Merriman’s Kapalua, an oceanfront restaurant in West Maui since 2009, is one of those businesses ready to reopen its doors. Since the fires, the restaurant has delivered hundreds of free meals and operated as a free Wi-Fi spot for West Maui residents. When it works, about 90% of the produce used is sourced from local farmers.
“It’s absolutely not too soon (to reopen West Maui),” the restaurant’s owner, Peter Merriman, told USA TODAY. He said many of his employees want to go back to work. “If people think it’s too early, that’s fine, they don’t have to go back to work.”
Merriman said that without the official reopening, the restaurant would have remained closed a little longer, but he felt it was his “civic duty” to make sure travelers to West Maui had a place to go to eat. “We’ll probably lose money the first few months we’re open, but that’s our responsibility,” he said.
Although his doors will be open, Merriman is “really worried” about how many visitors will come through his doors. “I think it will take close to a year before people feel comfortable going to West Maui,” Merriman said.
Jesse Imbach, a 46-year-old Maui resident, lost his Lahaina restaurants to the fire and is looking for a new location to restart the business. Imbach said he’s fine with a phased reopening, but worries it will take resources away from local residents or bring in “creepy tourists” interested in seeing the aftermath of the tragedy.
A day before the reopening, Bissen said in a statement that he wanted “visitors to understand that our island is working its way through a devastating tragedy.” Officials have launched several online resources for visitors to find more information about how to donate, volunteer and plan their trips to Maui, such as the Maui Strong website and the Hawaii Tourism Authority website. A list of local businesses to support can be found on Maui Nui First.
“We have to be really careful about the impact on people who are still emotionally reeling from the loss of their heritage and their livelihood and their history and their family home,” Imbach said. “The most important thing is encouraging tourists to behave is really important because the community is definitely still suffering.”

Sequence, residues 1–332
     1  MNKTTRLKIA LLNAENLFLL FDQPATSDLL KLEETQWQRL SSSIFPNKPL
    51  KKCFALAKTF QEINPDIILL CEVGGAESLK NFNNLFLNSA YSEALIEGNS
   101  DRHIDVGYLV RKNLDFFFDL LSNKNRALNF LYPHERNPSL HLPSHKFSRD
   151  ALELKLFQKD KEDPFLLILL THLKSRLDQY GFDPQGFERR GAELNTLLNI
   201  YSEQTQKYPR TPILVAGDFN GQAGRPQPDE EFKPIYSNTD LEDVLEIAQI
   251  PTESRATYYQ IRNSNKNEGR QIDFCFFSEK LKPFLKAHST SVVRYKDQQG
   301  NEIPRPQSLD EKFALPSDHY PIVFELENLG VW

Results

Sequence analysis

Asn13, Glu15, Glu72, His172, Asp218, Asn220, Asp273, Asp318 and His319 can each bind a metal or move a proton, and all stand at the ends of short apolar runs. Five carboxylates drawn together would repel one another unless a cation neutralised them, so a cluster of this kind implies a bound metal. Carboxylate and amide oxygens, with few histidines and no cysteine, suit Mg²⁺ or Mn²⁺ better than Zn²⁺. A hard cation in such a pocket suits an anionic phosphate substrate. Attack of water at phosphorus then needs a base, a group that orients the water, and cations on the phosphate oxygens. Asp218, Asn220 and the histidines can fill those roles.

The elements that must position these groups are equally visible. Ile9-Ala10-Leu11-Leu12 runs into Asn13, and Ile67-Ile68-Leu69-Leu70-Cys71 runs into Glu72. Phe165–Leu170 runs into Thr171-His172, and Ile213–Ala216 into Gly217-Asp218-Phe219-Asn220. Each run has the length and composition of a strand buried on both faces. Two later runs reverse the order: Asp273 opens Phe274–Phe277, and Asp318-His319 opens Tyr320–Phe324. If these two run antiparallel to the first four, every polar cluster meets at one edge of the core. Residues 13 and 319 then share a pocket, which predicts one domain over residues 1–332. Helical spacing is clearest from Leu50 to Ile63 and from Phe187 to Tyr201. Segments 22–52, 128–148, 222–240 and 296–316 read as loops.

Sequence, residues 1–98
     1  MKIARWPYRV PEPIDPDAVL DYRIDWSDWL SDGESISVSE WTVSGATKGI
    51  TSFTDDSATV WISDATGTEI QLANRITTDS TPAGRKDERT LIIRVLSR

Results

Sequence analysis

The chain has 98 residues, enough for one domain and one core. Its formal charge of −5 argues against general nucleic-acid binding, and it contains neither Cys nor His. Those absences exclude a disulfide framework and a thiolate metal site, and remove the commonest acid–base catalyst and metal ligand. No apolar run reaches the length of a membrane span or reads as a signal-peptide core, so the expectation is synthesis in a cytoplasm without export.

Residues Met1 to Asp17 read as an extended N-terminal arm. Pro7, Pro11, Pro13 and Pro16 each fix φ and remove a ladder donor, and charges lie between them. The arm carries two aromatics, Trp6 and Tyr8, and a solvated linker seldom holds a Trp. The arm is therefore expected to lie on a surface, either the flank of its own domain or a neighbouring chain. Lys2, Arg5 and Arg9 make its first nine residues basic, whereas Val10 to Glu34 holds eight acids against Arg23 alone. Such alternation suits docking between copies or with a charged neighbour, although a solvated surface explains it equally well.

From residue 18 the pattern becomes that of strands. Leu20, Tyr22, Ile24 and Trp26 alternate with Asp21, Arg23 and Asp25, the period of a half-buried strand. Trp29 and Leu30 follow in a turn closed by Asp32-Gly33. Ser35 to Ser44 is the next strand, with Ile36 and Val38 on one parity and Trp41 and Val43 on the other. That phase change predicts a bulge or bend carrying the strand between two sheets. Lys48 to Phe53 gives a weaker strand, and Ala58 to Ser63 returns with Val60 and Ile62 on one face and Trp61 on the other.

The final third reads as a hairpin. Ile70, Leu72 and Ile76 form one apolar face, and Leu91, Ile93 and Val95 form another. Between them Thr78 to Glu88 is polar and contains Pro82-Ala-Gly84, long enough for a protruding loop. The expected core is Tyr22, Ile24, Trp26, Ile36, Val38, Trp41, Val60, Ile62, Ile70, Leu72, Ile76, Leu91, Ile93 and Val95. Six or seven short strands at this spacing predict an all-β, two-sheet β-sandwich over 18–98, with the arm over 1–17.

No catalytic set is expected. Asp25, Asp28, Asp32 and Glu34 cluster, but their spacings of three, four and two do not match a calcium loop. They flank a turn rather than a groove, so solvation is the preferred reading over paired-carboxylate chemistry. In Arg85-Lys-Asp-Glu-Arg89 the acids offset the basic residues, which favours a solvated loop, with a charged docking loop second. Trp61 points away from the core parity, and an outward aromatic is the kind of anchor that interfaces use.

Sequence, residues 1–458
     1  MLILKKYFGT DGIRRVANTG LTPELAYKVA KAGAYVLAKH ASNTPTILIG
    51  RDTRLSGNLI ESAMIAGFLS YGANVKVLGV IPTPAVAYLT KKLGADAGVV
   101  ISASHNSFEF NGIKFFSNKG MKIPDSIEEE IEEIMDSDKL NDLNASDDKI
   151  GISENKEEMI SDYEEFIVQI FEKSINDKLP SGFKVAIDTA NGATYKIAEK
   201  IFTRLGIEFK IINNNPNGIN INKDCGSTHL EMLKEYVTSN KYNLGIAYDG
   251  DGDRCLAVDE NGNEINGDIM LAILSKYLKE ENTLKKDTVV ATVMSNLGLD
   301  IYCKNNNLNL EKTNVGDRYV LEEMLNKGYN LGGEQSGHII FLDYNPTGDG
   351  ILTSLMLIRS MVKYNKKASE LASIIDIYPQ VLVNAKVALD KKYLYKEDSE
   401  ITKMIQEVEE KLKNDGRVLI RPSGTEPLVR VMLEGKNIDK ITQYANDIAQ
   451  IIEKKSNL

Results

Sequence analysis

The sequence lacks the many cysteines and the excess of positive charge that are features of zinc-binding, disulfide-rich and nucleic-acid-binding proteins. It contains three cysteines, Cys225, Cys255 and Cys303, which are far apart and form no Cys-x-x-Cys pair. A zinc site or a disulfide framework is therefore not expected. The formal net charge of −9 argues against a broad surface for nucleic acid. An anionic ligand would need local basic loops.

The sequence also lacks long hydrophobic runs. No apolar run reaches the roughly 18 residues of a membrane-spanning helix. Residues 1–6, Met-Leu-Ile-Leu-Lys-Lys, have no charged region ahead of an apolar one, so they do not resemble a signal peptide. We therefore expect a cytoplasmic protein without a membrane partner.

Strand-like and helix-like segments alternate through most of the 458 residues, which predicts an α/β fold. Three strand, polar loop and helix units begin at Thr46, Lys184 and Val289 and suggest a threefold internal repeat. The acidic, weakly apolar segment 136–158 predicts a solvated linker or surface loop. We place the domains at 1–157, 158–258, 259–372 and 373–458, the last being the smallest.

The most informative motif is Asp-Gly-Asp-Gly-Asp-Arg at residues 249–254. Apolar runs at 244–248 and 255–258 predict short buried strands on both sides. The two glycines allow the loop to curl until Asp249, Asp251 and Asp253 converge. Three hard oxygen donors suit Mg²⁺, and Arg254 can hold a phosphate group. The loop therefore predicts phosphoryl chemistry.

How soon is too soon to reopen?
To access the parts of West Maui that are reopening, people will have to drive through burn areas that were mostly fenced off. Many residents are still not ready to enter the tragedy-stricken area.
Earlier this month, people gathered at the state Capitol in Honolulu to speak out against the Oct. 8 reopening and drop off a 14,000-signature petition at the governor’s office.
One of those supporting the petition is Blake Ramelb, who was born and raised in Lahaina but lives in Napili. He told USA TODAY that “the timeline of it just felt so rushed in so many ways that two months is definitely not enough time.”
“People haven’t had a chance to grieve, not only because it’s been two months, but they don’t know where they’re going to live tomorrow,” he said. He added that the quick reopening has also affected the mental health of many residents who are already struggling from the tragedy itself.
The Maui City Council voted unanimously on a resolution Friday that reiterated pleas to delay the reopening, saying the two-month anniversary was not “trauma-informed.”
“It’s really hard to know what the right decision is, to be honest, because you’re balancing between protecting your community and people who are completely devastated, and the economic and financial consequences of not opening,” said Ian Jones, hospitality and management lecturer and co-ordinator of Tourism at the University of New Haven.
But some say small businesses need tourists, especially after taking a hit from the pandemic. A recent study found that the island lost more than $13 million in visitors per day in the weeks following the fire, according to the Economic Research Organization.
“Small business cannot withstand another storm. They just can’t,” said Jerry Agrusa, a professor of hospitality and tourism management at the University of Hawai’i Shidler College of Business at Manoa.
Agrusa said tourists can help restore the island by being careful where they spend their money.
“Eat lunch at a family restaurant. Look for the smallest person doing the rounds. Look for the local guy who gives surfing lessons. Look for those that are hard hit where they don’t have these great companies behind them,” he said. “That would be so helpful right now.”
Kathleen Wong is a travel reporter for USA TODAY based in Hawaii. She can be reached at [email protected]. Bailey Schultz is a reporter for Total Money in Las Vegas. She can be reached at [email protected].
Credit: Associated Press